I think very early on, we decided we weren’t even going to try. [laughs] We definitely didn’t try to be on trend with anything. The Finnish language that they speak doesn’t feature any trendy expressions, so we stayed away from that and phones are in a very small role, so it doesn’t immediately look outdated, but the long process [to make the film] was actually quite beneficial in one sense, which is that we had to unlearn our own bias too about things. This script started before #MeToo and nobody was interested before #MeToo. I sent the first draft to three producers, all women and I will never forget the first feedback, which was, “I don’t see what’s special about the story.” Post #metoo, you can’t say that anymore because at least you have to ask yourself, why do I not think this is special? Of course, it can be a crappy story. That’s one thing, but if you can’t find it important or worth telling or big enough to be a movie, you have to ask where you’re coming from with that. I had to unlearn a lot of my own bias. At one point, we had a coming out element in the story and we threw that out the window. We had a sleazy guy who gets these girls into danger like in 90 percent of movies where women are active and independent — threw that out the window. We had to actively look at what are we conditioned to? Luckily, we did have that long process where we could get rid of that old fashioned attitude.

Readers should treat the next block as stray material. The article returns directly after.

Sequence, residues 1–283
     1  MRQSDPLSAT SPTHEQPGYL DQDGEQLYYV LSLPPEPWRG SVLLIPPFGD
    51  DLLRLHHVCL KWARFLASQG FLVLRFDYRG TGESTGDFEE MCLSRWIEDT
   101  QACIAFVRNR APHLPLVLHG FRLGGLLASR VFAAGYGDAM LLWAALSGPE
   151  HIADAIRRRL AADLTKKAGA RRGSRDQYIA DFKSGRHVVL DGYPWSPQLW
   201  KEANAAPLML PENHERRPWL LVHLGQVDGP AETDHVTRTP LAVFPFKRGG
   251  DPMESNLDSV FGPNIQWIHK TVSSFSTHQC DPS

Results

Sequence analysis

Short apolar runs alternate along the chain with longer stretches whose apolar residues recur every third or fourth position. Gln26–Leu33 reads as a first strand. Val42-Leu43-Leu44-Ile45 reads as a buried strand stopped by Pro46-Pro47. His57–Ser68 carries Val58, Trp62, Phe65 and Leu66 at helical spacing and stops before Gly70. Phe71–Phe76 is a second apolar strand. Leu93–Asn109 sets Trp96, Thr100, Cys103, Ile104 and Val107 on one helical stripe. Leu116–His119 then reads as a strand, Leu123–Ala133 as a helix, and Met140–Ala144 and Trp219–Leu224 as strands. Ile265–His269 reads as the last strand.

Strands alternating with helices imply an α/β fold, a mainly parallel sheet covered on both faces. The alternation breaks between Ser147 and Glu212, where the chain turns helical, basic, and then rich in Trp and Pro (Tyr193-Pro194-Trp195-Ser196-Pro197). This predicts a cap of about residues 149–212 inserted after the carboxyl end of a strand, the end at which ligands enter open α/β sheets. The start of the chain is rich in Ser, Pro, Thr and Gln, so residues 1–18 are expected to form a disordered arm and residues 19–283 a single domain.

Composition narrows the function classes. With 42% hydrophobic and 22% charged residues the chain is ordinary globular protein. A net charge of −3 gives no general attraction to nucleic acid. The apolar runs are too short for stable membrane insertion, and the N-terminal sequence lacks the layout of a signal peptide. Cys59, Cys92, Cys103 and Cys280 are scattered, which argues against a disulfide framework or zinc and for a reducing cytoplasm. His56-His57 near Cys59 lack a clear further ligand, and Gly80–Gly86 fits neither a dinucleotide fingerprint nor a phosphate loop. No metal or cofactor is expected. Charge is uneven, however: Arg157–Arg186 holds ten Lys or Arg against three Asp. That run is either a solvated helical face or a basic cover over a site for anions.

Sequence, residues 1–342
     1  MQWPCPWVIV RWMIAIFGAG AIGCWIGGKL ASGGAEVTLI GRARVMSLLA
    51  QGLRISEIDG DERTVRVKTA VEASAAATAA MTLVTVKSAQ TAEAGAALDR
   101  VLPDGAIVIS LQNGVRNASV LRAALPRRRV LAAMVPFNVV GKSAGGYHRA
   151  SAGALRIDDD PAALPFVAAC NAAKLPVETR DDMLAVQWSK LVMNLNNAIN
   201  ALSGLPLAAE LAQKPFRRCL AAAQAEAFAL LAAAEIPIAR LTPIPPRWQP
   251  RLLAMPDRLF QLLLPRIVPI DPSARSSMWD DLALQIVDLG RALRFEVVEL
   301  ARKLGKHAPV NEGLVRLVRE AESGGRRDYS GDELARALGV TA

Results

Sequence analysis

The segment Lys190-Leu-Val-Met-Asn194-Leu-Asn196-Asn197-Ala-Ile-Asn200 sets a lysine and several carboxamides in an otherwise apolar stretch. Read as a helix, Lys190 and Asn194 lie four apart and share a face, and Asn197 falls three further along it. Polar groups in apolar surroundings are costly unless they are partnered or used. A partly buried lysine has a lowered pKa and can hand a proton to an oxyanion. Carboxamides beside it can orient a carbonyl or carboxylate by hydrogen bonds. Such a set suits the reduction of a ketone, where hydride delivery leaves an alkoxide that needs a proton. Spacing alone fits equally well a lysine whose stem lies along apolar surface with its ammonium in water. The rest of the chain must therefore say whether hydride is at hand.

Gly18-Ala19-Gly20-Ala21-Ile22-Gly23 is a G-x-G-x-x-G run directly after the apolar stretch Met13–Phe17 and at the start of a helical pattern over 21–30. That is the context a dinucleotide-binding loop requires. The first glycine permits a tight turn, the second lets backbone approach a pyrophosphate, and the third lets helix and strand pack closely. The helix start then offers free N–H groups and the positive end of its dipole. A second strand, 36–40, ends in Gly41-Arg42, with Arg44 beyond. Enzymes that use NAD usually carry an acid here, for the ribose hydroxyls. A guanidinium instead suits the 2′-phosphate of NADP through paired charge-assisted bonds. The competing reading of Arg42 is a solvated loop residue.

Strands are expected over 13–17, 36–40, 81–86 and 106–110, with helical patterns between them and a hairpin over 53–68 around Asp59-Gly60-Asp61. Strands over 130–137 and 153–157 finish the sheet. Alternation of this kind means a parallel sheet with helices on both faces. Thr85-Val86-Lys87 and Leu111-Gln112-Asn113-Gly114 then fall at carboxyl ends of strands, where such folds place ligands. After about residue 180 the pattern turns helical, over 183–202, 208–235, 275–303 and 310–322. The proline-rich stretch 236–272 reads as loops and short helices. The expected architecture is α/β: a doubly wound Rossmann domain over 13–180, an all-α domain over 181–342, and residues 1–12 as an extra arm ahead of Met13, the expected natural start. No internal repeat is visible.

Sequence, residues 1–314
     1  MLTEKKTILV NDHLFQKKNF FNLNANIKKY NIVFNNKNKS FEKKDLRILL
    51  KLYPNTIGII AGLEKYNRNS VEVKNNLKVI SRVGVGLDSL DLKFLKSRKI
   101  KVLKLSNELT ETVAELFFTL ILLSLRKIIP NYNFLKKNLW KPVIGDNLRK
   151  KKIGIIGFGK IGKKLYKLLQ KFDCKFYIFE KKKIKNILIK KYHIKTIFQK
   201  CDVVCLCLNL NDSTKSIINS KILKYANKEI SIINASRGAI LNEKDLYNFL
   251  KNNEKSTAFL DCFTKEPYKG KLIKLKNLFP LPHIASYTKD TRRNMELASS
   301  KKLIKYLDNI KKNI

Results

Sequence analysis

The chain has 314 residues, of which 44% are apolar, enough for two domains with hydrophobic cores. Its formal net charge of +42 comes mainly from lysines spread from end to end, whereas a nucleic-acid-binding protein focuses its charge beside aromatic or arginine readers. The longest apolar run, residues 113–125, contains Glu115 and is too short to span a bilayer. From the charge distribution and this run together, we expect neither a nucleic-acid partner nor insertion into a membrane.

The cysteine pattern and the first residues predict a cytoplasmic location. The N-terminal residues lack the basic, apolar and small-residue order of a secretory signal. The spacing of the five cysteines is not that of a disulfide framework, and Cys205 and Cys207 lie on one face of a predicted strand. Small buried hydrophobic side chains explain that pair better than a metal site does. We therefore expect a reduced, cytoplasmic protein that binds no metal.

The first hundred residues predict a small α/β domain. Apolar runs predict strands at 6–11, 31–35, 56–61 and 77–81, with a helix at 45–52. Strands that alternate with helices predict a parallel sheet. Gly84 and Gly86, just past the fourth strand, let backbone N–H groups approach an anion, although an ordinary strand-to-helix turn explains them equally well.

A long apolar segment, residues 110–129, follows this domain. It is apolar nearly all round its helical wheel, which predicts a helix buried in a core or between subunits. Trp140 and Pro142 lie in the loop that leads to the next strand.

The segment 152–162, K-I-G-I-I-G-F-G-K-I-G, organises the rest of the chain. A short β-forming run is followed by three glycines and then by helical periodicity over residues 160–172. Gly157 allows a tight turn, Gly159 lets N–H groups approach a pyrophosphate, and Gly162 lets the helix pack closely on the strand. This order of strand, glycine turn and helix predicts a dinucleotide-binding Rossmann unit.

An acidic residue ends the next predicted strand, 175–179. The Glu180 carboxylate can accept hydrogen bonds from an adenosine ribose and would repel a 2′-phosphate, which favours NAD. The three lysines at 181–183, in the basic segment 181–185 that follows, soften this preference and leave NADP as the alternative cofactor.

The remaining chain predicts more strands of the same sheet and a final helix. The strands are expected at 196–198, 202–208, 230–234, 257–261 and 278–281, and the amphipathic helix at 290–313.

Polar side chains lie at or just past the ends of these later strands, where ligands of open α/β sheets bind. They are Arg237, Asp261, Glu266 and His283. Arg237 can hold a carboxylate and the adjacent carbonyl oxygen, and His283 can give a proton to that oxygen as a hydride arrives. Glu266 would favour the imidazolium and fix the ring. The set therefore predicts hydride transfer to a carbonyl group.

Another way this feels fresh is how it’s always moving. How did that sense of movement come in?
That’s one of my favorite things because I like to work from the abstract to the concrete, so I started from trying to figure out what does the teenage experience mean? And one of the key elements to me was movement. I kept repeating this mantra that movement was a norm in a teenager’s life and moments of stillness, not just movement, but abrupt changes of tempo in that movement, are a special effect, so you can go from very, very hectic to quiet and then the quiet can be broken in an instant. Those basically became central pillars of our aesthetic strategy. Of course, movement resonated well with the [cinematographer] Jarmo Kiuru because that’s one of his main tools [along] with lighting he’s a magnificent camera operator, and he’s done dance films before this, so he was really able to get into the movement.